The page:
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Wednesday, April 24, 2002

Mixed messages follow love at first sight


By WALTER ROBERTS
Special to The Japan Times

Love is complex enough at the best of times, but when it crosses cultural borders, things can get really confusing. Opening April 24 at the Shimokitazawa Geki Shogekijo is "John-kun and Yoko-chan," a play co-written by American Michael Naishtut and Japanese Yoko Narahashi that takes a seriocomic look at the trials of cultural misunderstanding and the triumph of true love.

News photo
From left: Tadashi Watanabe, Yoko Kamon and Michael Naishtut in "John-kun and Yoko-chan"
YASUHIRO SEKI PHOTO COURTESY OF NEOTEC ENTERPRISE

The play is set in Tokyo, where John has come to learn sushi-making so he can set up a kaiten-zushi shop in New York. Yoko is a young, modern-minded Tokyo girl who works as a freeta but dreams of becoming a kindergarten teacher.

They meet in a nightclub, and it is love at first sight. Subsequent scenes trace the progression of their relationship, charting the growth of their commitment to each other against the various problems that arise from their different cultural orientations. John is gregarious, childlike and openly affectionate; Yoko is reserved, serious, and physically and emotionally tentative.

The couple find themselves using their cultural differences as an excuse to mask their underlying emotional conflict. Under pressure, each withdraws further into his or her familiar cultural norms: John becomes willfully insistent on his individuality and values, while Yoko retreats from confrontation.

An emotional impasse results, and the couple face the decision to end their relationship. In a moving final scene, however, the pair are reconciled: John has learned to accept different values and Yoko has learned to be more assertive and to stand up for what she wants.

Making her stage debut as Yoko-chan is film actress Yoko Kamon, 22, who brings sensitivity and humor to the role. Kamon gracefully makes the transition from screen to stage, bringing with her an impressive list of film and television credits that includes two upcoming releases, "Dog Star" (out April 27) and the yakuza thriller "Gokutsuma Ninkyo-do."

Kamon was selected from more than 300 actresses who auditioned for the part. "Yoko has lit up the entire production," says director Narahashi. "She related to Michael with wonderful ease and spontaneity. She's a very good listener, which is essential in good acting."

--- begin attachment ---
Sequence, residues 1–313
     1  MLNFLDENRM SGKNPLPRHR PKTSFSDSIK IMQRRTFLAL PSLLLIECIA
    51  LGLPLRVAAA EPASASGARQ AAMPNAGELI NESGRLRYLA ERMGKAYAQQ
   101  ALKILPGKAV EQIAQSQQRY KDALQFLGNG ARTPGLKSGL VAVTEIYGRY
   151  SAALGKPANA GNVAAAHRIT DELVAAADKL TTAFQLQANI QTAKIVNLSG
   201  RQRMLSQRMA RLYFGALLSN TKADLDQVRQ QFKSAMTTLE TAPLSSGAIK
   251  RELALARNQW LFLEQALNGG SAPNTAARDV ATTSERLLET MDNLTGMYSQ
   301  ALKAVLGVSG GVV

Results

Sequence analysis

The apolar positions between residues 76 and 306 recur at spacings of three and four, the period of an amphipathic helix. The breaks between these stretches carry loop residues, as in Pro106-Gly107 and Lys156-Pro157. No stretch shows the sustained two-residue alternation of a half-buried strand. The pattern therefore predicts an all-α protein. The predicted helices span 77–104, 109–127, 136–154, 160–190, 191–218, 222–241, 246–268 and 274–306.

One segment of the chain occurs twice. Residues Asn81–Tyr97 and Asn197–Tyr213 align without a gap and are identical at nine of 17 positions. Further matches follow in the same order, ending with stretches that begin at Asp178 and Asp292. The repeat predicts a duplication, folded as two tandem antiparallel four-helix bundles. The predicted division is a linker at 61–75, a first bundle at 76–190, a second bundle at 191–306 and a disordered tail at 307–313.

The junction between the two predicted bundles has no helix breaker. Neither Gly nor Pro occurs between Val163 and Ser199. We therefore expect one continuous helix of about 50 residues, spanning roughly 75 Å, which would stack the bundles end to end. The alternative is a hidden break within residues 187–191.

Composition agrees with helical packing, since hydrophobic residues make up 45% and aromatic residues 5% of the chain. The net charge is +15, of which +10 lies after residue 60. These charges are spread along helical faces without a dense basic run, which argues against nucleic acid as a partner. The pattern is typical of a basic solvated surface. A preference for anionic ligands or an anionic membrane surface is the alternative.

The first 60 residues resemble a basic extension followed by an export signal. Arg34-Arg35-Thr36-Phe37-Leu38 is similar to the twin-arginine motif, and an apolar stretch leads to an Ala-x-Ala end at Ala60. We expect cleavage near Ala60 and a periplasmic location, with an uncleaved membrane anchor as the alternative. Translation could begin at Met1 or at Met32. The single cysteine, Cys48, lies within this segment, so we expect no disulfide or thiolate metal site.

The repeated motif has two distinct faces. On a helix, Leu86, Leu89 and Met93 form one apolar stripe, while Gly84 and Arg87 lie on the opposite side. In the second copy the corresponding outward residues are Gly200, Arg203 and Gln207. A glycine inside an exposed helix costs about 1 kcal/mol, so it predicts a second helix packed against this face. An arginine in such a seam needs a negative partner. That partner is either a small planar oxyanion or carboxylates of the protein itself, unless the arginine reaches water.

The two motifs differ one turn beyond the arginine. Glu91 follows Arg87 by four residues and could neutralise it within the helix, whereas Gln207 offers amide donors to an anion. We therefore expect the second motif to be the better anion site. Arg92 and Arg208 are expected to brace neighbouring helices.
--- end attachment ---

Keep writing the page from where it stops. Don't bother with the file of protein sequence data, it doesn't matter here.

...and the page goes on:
Tadashi Watanabe plays John's friend Tsutomu, the catalyst for John and Yoko's first meeting. The two friends are drinking in a nightclub, where Yoko catches Tsutomu's eye. In a performance full of comic energy, Watanabe bounces between the two, drunk and brooding one moment then angry and animated the next, until John has to go over to the attractive girl and apologize for his friend's behaviour. The versatile Watanabe takes the drama's other supporting roles as well.

John-kun himself is played by Naishtut, who developed the drama after conducting extensive interviews with racially mixed couples living in Japan.

"I talked to seven couples and asked them about their experiences -- what were their preconceived stereotypes regarding their spouses, and did those ideas change after they were married," he said.

After a first draft was completed, director Yoko Narahashi translated the play into Japanese, adding additional dialogue and changing the story. The story evolved further during the rehearsal process to reach its final, staged form.

"The script now has more universal elements," explains Narahashi. "We had a lot of discussion about what it means to love someone. This play has strong messages, not just for international couples but also for couples who are experiencing trouble in their relationships or those thinking about getting married."

The play takes a creative approach to presenting its complex subject matter. Naishtut came up with one striking element of the production -- the use of taiko drumming to serve as a symbolic counterpoint to the plot. Naishtut choreographed sections of taiko performance to reflect the level of compatibility or conflict underlying John and Yoko's relationship.

The long developmental journey that "John-kun and Yoko-chan" has taken to the stage is appropriate for a study of love and commitment: Every relationship is a work-in-progress.

"I want international couples to come and see this play," said Naishtut. "I'd like to hear their reactions and see how our story compares to their experiences.

"John-kun and Yoko-chan" runs April 24-28 at Shimokitazawa Geki Shogekijo, near Shimokitazawa Station on the Odakyu and Keio Inokashara lines. Performances (in Japanese only) April 24-26 at 7 p.m.; April 27 at 2 and 6 p.m. and April 28 at 1 and 5 p.m. For ticket information, call (03) 3706-1750.


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